“Advances in Plant Imaging across Scales”

Applications in Plant Sciences (APPS), the Botanical Society of America’s (BSA) open access journal highlighting new tools and protocols across the plant sciences, is organizing a special issue titled “Advances in Plant Imaging across Scales.”

Imaging has long been important across many areas of plant science, with applications in areas including cytology, histology, anatomy, and development. However, recent advances in imaging technologies are revolutionizing our views of plants – from ecosystems to chromatin. For example, rapid imaging of herbarium specimens has yielded over 35 million freely available and downloadable images from iDigBio, providing new opportunities for taxonomy, systematics, and morphology, to name a few. Moreover, when coupled with machine learning approaches, these images of herbarium specimens can be used to score phenology across space, time, and species. Satellite and LiDAR images are providing unprecedented views of landscapes, with opportunities to study land use, forest tree diversity, photosynthetic productivity, phenology, and much more. Computed tomography scanning, developed for the study of both skeletal features and soft tissues in vertebrate natural history specimens and with applications to neurobiology, is now being applied to plant tissues, including novel approaches for rehydrated flowers from herbarium specimens. At the subcellular level, new techniques have been developed for visualizing chromatin structure for the study of genome organization and gene evolution.

In light of these advances, the goal of this special issue is to explore how new imaging technologies are enabling novel research into plant form and function, genomics, ecology, and evolution. The issue will highlight novel imaging and image processing techniques targeted to plants at any scale of organization. We are interested in topics that include:

  • Protocols for visualizing chromosomes and DNA structures
  • New tools and techniques for visualizing plant anatomy, including microscopy and scanning approaches
  • Herbarium specimen and fossil imaging and processing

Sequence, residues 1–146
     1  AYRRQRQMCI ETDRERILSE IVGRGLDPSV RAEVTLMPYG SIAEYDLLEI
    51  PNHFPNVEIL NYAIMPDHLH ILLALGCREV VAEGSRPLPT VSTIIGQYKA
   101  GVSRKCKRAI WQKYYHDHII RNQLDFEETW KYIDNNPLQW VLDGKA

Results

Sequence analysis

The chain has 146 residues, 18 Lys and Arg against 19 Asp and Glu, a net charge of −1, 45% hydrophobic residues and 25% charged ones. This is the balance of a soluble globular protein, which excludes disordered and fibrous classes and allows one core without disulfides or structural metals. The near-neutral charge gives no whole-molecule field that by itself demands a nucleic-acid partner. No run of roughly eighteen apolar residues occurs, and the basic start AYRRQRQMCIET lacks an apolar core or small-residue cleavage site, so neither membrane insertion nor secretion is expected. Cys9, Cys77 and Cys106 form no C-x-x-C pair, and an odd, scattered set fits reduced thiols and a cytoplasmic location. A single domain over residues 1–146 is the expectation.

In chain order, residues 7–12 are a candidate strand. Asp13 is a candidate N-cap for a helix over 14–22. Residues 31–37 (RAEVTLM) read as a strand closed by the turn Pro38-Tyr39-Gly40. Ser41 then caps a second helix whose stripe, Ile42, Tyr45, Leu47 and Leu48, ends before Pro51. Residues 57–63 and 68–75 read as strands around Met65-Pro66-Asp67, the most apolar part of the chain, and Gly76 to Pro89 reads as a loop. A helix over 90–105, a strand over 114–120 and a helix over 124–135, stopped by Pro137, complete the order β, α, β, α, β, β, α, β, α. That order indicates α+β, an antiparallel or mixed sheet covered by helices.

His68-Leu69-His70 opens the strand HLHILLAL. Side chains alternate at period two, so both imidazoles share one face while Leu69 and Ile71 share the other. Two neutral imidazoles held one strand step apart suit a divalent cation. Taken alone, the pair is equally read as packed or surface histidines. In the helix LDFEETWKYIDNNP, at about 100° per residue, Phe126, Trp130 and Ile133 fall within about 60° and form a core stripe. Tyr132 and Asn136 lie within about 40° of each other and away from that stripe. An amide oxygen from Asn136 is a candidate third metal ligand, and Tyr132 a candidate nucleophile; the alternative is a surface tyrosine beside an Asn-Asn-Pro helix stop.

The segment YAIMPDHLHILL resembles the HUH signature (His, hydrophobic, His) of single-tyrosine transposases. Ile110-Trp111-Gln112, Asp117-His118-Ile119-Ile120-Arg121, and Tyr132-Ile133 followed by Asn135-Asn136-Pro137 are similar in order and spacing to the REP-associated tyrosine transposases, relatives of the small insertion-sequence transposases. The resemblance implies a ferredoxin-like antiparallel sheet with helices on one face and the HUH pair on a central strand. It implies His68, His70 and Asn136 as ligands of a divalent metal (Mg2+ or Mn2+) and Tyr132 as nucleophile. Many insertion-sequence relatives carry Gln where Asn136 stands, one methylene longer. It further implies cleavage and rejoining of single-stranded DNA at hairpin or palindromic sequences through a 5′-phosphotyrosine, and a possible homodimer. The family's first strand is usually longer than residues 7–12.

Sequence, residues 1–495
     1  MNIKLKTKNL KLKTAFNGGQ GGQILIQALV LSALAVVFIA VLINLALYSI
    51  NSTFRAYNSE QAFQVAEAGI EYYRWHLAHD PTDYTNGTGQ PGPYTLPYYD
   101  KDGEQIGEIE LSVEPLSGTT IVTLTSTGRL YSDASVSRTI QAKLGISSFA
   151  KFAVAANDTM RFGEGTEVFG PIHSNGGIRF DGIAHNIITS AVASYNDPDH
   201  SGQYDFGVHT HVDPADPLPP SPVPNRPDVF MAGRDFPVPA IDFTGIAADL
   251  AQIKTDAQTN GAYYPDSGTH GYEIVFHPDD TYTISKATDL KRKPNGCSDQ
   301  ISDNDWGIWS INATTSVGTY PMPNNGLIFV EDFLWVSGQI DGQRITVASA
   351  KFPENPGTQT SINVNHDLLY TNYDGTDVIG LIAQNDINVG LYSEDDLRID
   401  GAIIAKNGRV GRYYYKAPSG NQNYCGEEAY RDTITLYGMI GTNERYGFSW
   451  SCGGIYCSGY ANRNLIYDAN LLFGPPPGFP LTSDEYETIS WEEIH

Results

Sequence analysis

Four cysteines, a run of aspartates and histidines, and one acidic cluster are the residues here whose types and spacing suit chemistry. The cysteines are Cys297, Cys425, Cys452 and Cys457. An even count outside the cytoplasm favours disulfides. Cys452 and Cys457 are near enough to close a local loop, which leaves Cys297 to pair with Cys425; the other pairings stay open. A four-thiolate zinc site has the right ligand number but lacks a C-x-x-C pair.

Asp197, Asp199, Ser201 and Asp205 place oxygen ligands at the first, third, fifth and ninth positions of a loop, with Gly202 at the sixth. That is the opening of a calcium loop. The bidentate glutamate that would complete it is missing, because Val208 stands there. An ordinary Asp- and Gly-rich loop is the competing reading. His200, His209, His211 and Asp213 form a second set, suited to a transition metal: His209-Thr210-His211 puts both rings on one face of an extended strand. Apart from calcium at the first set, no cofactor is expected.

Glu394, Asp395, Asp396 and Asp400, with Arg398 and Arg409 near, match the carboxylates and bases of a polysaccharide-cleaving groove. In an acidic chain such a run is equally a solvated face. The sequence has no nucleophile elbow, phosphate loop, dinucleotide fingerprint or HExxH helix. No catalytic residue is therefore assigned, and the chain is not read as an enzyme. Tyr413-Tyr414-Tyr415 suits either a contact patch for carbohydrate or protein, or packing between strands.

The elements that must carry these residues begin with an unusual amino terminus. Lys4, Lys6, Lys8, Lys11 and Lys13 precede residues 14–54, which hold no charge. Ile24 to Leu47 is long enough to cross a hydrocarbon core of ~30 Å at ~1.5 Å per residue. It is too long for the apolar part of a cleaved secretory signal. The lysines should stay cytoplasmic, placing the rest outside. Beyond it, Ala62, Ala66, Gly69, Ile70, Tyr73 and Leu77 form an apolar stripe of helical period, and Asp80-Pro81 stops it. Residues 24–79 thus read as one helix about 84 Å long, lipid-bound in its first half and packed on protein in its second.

• Low-cost, high-throughput approaches for imaging of plant phenotypes in the field or the greenhouse
  • Novel approaches for utilizing and analyzing landscape/ecosystem-scale images from satellite, LiDAR, and drones
  • Software or pipelines for processing large image databases
  • Comprehensive reviews and comparisons of imaging techniques or image processing

How to submit: Authors interested in contributing to this special issue should email a proposal consisting of a tentative title, proposed author list, and a 200–300-word abstract to the APPS editorial office (

The deadline for proposal submission is August 5, 2022. Proposals will be reviewed by the Editor-in-Chief and the special issue editors. Authors will be notified by August 19, 2022, as to whether their proposal was accepted.

The Botanical Society of America and its publications are committed to inclusive science that reflects disciplinary, human, and geographic diversity. Submissions are welcomed from applicants of all ethnicities, races, colors, religions, sexes, sexual orientations, gender identities, socioeconomic status, national origins, disabilities, ages, or other individual status.

Authors whose proposals are accepted should submit their manuscript by January 15, 2023. Note that acceptance of a proposal does not guarantee the eventual acceptance of the manuscript, as all manuscripts will be rigorously peer-reviewed and held to the standards of the journal. The target date for publication of the special issue is the second half of 2023.

Article publication charges are being underwritten by iDigBio.

For more information about journal scope, article types, and manuscript preparation, please see the Author Guidelines. Any questions may be sent to the APPS editorial office (

Best wishes,

Dr. Gil Nelson (Florida Museum of Natural History, University of Florida)
Dr. Pamela Soltis (Florida Museum of Natural History, University of Florida)
Special Issue Editors

Image caption: Herbarium specimen of Conradina cygniflora from FLAS, downloaded from iDigBio. This image is the holotype for this species, a rare endemic mint from northern Florida, discovered in the past 15 years and named in 2009. Image credit: University of Florida Herbarium, Florida Museum of Natural History.